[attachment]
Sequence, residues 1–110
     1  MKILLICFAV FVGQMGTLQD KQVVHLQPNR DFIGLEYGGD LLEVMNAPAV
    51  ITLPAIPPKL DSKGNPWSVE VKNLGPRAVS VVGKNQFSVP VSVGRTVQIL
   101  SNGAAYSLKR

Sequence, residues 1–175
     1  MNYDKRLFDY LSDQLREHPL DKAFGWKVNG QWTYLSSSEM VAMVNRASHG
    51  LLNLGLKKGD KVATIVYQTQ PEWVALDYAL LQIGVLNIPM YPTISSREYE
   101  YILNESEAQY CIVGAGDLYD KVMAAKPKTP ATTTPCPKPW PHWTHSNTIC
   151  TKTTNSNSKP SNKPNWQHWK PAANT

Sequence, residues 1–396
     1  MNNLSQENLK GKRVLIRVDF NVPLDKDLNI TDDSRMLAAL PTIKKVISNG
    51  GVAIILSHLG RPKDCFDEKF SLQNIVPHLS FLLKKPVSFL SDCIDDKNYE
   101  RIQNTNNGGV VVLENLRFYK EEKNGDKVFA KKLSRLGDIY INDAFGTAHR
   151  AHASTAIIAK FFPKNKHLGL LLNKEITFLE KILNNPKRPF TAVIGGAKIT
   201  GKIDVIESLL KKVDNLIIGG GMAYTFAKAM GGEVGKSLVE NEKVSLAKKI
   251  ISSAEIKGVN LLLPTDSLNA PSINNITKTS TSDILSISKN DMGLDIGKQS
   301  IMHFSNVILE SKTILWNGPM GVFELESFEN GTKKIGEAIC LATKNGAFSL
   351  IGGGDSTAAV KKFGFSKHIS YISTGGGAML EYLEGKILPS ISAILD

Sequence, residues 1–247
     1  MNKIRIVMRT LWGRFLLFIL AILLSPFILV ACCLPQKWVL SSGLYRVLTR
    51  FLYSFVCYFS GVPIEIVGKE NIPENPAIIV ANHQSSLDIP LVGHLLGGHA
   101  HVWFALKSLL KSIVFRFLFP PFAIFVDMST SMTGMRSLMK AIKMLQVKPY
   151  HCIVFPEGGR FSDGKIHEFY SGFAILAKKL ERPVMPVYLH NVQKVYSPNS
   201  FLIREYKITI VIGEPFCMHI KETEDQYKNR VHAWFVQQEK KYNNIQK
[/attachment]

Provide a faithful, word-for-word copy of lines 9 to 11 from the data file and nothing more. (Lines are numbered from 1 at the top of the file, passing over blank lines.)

   151  TKTTNSNSKP SNKPNWQHWK PAANT

Sequence, residues 1–396
     1  MNNLSQENLK GKRVLIRVDF NVPLDKDLNI TDDSRMLAAL PTIKKVISNG